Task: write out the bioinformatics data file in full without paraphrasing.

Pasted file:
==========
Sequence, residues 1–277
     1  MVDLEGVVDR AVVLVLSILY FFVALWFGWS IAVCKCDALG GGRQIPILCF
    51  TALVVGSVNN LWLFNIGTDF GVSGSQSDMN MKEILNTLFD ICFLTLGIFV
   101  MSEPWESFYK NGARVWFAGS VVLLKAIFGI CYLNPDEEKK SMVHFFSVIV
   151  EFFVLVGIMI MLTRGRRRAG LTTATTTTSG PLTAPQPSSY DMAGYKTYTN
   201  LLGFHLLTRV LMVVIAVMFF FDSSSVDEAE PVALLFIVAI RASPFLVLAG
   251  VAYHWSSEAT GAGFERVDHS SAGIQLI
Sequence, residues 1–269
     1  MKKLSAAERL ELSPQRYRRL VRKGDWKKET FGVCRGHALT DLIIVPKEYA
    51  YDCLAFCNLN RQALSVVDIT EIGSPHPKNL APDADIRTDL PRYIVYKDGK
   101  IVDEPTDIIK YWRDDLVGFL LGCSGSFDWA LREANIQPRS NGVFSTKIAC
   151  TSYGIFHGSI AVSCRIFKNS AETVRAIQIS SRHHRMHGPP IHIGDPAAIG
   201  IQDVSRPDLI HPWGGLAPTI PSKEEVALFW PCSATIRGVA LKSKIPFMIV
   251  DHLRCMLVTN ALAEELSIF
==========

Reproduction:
Sequence, residues 1–277
     1  MVDLEGVVDR AVVLVLSILY FFVALWFGWS IAVCKCDALG GGRQIPILCF
    51  TALVVGSVNN LWLFNIGTDF GVSGSQSDMN MKEILNTLFD ICFLTLGIFV
   101  MSEPWESFYK NGARVWFAGS VVLLKAIFGI CYLNPDEEKK SMVHFFSVIV
   151  EFFVLVGIMI MLTRGRRRAG LTTATTTTSG PLTAPQPSSY DMAGYKTYTN
   201  LLGFHLLTRV LMVVIAVMFF FDSSSVDEAE PVALLFIVAI RASPFLVLAG
   251  VAYHWSSEAT GAGFERVDHS SAGIQLI
Sequence, residues 1–269
     1  MKKLSAAERL ELSPQRYRRL VRKGDWKKET FGVCRGHALT DLIIVPKEYA
    51  YDCLAFCNLN RQALSVVDIT EIGSPHPKNL APDADIRTDL PRYIVYKDGK
   101  IVDEPTDIIK YWRDDLVGFL LGCSGSFDWA LREANIQPRS NGVFSTKIAC
   151  TSYGIFHGSI AVSCRIFKNS AETVRAIQIS SRHHRMHGPP IHIGDPAAIG
   201  IQDVSRPDLI HPWGGLAPTI PSKEEVALFW PCSATIRGVA LKSKIPFMIV
   251  DHLRCMLVTN ALAEELSIF